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LETTER FROM THE EDITOR:

W ith a colorful past, a problematic present, and an unpromising future, coal mining in East Tennessee presents a knotty narrative.

Societal and familial breakdowns have left young people adrift in a world of faux toughness, disconnected from everyone except their fellow urban aficionados.

The experience of some small Internet service providers in Texas may prove that warnings about an Orwellian future flowing from the 1996 Telecommunications Act are coming true.

Also, making decisions about public buildings, the future of g-strings and pasties, the sound of tender, unquenchable longing, and more.


Columns
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Letters at 3AM [7]
The music of Tony Fruscella reminds us that art is about an unending attempt to give what we can, where we can, to whom we can.
— Michael Ventura, AUSTIN CHRONICLE
 
Truth in Alabama [8]
Reflecting on Birmingham, bombs, and racial hatred.
— Margaret Renkl, NASHVILLE SCENE
 
Wired Wrong [9]
GFCIs can fool you into thinking they're working.
— Walter Jowers, NASHVILLE SCENE
 
Romancing the Road [10]
Part one of a threefold evaluation of new sports cars.
— Marc K. Stengel, NASHVILLE SCENE
 

Now What? [12]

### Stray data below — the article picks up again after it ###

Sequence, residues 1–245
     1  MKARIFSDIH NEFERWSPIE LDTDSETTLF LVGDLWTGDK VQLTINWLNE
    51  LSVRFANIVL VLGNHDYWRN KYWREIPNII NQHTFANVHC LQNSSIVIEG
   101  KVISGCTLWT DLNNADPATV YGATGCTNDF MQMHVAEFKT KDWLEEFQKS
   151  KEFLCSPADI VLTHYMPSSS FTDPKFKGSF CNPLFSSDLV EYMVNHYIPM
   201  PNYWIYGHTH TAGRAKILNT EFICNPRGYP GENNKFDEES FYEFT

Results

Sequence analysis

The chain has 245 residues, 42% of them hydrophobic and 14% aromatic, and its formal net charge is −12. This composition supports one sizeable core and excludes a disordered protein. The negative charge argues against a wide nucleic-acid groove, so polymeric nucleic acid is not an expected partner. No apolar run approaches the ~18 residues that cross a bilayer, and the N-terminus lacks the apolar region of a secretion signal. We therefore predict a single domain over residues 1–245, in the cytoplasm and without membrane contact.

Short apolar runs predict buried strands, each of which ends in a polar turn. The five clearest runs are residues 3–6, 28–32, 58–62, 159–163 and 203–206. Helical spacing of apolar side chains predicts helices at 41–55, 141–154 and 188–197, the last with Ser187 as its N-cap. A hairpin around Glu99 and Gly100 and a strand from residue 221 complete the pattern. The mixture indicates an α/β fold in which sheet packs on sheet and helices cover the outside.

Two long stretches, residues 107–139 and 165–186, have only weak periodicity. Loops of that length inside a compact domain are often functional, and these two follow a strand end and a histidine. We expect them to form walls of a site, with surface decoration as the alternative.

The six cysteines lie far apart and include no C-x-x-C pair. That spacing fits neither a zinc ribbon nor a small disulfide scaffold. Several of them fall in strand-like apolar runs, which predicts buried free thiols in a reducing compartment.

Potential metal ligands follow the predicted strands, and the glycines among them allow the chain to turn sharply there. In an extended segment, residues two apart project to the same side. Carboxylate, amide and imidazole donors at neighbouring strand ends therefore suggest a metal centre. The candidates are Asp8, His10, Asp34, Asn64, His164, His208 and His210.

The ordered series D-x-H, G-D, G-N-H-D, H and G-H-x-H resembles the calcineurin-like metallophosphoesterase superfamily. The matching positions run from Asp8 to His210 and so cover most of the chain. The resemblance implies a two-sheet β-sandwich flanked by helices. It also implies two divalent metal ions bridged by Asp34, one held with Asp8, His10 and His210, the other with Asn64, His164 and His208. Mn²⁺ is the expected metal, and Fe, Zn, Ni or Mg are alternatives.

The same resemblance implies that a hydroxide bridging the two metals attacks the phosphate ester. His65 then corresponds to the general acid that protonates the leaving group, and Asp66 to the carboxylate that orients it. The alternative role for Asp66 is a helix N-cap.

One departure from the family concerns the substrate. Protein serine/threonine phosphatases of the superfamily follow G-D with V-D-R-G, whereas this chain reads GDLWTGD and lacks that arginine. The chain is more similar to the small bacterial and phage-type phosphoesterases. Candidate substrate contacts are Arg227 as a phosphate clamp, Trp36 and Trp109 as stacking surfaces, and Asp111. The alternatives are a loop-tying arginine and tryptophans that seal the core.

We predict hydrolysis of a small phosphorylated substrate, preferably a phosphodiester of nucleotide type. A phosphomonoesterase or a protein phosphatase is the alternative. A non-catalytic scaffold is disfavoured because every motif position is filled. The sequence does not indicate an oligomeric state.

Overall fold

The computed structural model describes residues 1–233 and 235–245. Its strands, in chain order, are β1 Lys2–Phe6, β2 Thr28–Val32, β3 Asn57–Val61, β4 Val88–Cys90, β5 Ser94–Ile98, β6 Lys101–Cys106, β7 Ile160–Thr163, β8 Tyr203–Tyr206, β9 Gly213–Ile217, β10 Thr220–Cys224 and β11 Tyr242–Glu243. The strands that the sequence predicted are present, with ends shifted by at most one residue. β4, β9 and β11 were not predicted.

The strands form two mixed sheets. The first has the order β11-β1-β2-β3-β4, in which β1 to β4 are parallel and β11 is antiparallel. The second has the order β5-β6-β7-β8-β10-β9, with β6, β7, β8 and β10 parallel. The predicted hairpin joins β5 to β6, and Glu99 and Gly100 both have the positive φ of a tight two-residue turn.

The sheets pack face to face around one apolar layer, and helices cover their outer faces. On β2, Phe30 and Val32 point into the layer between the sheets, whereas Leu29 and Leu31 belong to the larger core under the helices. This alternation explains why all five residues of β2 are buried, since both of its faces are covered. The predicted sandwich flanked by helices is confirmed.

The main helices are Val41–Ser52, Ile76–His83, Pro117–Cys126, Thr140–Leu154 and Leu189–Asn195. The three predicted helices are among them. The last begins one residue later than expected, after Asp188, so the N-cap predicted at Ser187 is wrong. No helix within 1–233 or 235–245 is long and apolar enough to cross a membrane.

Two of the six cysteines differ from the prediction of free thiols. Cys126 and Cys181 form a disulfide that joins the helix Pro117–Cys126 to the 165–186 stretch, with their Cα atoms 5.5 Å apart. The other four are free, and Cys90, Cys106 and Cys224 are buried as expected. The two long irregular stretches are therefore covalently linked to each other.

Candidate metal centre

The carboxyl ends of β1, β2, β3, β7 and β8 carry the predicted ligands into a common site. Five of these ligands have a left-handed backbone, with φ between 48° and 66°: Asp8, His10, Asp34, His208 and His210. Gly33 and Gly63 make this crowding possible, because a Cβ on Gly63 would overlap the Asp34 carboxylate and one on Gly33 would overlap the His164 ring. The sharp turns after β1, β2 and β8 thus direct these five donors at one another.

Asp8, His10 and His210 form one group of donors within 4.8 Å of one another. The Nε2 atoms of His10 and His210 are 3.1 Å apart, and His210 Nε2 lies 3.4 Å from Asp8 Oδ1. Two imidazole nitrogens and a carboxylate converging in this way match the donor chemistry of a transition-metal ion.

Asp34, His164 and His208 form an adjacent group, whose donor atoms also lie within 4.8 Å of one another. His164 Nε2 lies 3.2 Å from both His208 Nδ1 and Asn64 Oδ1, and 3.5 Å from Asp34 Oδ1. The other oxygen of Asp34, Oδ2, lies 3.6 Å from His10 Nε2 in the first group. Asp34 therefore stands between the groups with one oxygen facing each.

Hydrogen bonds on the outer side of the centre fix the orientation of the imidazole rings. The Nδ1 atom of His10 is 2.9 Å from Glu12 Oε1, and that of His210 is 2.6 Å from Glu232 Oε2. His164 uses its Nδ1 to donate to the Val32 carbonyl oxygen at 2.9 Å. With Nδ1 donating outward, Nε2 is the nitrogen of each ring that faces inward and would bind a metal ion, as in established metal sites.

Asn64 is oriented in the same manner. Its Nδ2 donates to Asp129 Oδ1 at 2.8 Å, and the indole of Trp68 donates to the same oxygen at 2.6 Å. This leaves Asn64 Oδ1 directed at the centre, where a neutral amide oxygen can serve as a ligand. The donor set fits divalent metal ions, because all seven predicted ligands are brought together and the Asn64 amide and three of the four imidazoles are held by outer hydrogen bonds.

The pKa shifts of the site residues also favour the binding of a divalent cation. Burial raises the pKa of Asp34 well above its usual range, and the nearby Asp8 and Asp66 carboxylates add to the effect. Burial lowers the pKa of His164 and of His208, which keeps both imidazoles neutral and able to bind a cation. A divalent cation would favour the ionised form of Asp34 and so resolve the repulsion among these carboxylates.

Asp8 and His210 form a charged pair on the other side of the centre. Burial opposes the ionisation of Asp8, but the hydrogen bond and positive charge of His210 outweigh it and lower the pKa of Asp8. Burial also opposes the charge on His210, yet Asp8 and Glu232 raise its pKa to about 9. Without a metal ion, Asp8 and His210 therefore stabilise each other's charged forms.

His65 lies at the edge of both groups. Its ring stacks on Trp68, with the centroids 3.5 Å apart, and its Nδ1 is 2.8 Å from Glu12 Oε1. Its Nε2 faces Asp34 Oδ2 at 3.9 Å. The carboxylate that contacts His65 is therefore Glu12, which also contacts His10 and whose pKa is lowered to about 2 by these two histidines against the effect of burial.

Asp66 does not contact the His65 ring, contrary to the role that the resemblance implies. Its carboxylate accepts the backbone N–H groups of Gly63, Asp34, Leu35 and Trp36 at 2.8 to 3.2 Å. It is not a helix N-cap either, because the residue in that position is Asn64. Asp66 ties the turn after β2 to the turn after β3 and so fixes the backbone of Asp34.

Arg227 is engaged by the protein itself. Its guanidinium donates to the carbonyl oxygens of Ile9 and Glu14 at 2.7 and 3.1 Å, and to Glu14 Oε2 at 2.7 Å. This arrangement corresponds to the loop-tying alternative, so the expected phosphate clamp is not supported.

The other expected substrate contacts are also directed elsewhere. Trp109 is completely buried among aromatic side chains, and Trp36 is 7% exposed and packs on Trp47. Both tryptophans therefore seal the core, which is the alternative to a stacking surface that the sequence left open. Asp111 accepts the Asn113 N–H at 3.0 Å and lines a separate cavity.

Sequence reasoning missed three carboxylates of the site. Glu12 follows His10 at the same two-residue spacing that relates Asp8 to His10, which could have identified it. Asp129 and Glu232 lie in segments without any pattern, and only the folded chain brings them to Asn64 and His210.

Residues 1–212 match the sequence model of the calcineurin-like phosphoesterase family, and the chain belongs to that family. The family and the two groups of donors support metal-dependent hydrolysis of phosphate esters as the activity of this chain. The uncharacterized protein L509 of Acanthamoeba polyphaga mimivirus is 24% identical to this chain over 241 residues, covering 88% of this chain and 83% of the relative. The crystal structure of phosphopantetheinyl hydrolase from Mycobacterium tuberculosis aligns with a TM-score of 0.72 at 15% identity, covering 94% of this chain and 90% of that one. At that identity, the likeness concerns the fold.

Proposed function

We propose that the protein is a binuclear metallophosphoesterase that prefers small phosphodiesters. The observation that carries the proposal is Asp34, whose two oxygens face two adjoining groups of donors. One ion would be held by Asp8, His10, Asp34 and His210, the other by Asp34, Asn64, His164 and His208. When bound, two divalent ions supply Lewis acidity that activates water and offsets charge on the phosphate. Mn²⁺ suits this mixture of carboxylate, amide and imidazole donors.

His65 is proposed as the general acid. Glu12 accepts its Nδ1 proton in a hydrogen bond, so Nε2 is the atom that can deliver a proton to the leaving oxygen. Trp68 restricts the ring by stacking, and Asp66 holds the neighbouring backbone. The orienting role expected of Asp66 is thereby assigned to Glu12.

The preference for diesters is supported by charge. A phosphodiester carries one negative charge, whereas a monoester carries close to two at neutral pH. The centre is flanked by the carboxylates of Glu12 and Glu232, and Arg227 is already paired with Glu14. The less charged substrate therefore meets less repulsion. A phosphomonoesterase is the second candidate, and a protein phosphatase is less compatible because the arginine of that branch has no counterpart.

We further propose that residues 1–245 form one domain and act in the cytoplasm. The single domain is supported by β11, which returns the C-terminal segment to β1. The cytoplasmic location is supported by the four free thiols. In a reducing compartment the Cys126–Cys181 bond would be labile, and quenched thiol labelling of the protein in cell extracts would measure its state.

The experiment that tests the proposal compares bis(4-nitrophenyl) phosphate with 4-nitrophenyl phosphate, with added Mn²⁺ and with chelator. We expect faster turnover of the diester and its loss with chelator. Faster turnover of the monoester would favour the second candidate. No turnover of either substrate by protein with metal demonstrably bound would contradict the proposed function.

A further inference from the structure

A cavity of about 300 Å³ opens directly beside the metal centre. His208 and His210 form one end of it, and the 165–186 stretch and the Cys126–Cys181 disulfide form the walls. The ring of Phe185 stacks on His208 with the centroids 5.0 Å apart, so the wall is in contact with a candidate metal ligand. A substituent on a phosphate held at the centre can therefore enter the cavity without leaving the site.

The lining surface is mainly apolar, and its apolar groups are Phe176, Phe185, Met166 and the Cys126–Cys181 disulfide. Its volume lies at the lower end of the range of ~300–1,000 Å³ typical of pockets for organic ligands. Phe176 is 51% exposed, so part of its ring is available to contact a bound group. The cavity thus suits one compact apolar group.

Can't get enough news? You're in luck -- more news is created every day. Our Now What? page offers a plethora of recommended links to help keep you living in the present.
WEEKLY WIRE
 

Volume III, Issue 49
May 29 - June 5, 2000  

Features
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Black Gold Rush [2]
These days, Knoxville isn't exactly synonymous with coal mining--but for much of the 19th and 20th centuries, that industry was a mover and shaper of the city and the region.
— Jesse Fox Mayshark, METRO PULSE
 
Night Moves [3]
Hangin' with the homies on the southside.
— Tom Danehy, TUCSON WEEKLY
 
Power Play [4]
Southwestern Bell and Time Warner push Jump.Net and other small Internet service providers out of the Austin market with anti-competitive pricing schemes.
— Lee Nichols, AUSTIN CHRONICLE
 
Architectural Wonder [5]
Have you ever passed in front of an urban public building and wondered, "Who decided to make it look like that?"
— Joe Tarr, METRO PULSE
 
No G-Strings Attached [6]
U.S. Supreme Court ruling requires nude dancers to wear pasties and g-strings, but Austin won't be making any changes.
— Jonathan David Carroll, AUSTIN CHRONICLE
 

Teeny Tidbits
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Mr. Smarty Pants [11]
Mr. Smarty Pants gets the lead out.
— Mr. Smarty Pants, AUSTIN CHRONICLE
 

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